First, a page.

From the moment he enters the movie, stepping off a motor launch onto the ship where Stanwick, standing above him on the rail, drops an apple on his head, “the Sturges magic is a bracing tonic against the sentimental.”
     During the 1940s, seven of the eleven movies Preston Sturges made were huge hits.
     But then Sturges stopped making movies. Some people who know about these things, like film historian Peter Bogdanovich (who directed the all-time classic comedy Paper Moon) have indicated that Sturges may have just burned himself out.
     Film critic Andrew Sarris said of Sturges:
     “Most screen writers could write for five or even six people, Sturges could write good lines for 25 people in a picture.
     “The variety contrasting of characters was always extraordinary so that maybe the 14th person in a scene, someone you never heard of, would deliver the funniest line.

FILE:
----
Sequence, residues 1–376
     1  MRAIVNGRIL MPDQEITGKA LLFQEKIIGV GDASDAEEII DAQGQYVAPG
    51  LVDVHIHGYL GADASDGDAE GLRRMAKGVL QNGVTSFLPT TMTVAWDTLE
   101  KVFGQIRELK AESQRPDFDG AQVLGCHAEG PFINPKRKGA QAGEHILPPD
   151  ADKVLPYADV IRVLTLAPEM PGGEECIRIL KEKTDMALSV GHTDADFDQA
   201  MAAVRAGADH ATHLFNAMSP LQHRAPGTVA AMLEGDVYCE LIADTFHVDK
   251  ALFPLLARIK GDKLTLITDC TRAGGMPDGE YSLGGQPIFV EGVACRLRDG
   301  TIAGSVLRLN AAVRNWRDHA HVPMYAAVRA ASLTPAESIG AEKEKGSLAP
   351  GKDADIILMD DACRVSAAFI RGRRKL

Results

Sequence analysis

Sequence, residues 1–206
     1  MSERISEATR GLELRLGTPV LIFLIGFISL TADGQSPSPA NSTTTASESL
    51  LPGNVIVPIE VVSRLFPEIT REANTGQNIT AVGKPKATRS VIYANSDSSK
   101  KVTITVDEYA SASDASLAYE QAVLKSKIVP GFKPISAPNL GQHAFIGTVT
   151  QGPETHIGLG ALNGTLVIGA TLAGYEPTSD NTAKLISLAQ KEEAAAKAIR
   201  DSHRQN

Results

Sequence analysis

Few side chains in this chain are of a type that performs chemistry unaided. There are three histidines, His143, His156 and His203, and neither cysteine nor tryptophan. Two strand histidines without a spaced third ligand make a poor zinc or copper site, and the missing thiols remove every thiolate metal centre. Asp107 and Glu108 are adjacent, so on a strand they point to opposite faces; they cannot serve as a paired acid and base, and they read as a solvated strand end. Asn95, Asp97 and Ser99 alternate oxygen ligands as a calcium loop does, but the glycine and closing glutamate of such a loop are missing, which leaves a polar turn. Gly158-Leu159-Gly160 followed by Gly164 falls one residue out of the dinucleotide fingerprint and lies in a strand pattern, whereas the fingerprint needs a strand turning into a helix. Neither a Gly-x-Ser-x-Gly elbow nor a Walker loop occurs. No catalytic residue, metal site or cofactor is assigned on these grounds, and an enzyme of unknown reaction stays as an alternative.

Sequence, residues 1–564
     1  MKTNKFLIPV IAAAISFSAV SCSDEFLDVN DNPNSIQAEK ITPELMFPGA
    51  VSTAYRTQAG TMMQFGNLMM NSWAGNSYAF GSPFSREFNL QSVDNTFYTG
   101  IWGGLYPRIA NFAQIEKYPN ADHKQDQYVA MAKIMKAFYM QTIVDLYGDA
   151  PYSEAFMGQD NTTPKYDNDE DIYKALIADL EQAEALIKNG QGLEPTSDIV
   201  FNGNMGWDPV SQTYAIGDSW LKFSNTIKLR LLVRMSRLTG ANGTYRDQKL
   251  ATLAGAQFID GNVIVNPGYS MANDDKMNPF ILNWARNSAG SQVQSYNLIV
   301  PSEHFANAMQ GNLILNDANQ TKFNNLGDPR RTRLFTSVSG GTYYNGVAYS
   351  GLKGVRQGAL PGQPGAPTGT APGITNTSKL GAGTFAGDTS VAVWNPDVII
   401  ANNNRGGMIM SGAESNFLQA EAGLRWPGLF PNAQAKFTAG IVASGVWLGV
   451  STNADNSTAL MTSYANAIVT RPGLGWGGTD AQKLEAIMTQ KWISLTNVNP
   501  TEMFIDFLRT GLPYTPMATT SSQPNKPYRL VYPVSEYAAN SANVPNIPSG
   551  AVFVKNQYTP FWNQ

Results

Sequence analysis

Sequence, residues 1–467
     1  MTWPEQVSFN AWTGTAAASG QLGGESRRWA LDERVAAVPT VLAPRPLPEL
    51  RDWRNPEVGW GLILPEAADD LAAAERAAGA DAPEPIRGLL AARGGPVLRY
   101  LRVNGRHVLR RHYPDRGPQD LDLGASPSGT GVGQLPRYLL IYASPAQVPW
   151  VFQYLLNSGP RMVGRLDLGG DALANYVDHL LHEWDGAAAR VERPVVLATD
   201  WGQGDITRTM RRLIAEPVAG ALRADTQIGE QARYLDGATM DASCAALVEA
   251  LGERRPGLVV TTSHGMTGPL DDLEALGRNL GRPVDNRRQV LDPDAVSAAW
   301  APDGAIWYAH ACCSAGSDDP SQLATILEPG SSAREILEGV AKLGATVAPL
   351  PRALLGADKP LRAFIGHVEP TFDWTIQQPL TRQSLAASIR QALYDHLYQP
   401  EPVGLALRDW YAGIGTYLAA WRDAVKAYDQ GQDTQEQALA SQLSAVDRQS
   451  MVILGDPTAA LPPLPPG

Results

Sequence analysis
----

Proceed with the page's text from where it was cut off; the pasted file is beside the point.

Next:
“He had a sense of otherness, as no other comic director or writer (before or since) in Hollywood has ever had.”
     “Modern viewers, unschooled in the lean lessons of the 1930s Depression, are more wary of Preston Sturges’ knowledgeable comedy, as if it cuts too close to the bone,” Anthony Lane noted.
     But now all of us in almost every corner of the world are locked down in place at home by a terrible depression of our way of life, not to mention of our jobs and livelihood. Sturges films might be just the ticket, methinks, an edge as we come back from the brink, to exhale and laugh as we move forward to the future.
     So, buckle up and if you cannot make our link here work, my hope is that you will go watch The Lady Eve on Amazon streaming, or Google around to find some Preston Sturges offerings.

If You Missed Any Of The Previous 3 Issues Of FlyingTypers
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Vol. 19 No. 37
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Publisher-Geoffrey Arend • Managing Editor-Flossie Arend •
Film Editor-Ralph Arend • Special Assignments-Sabiha Arend, Emily Arend • Advertising Sales-Judy Miller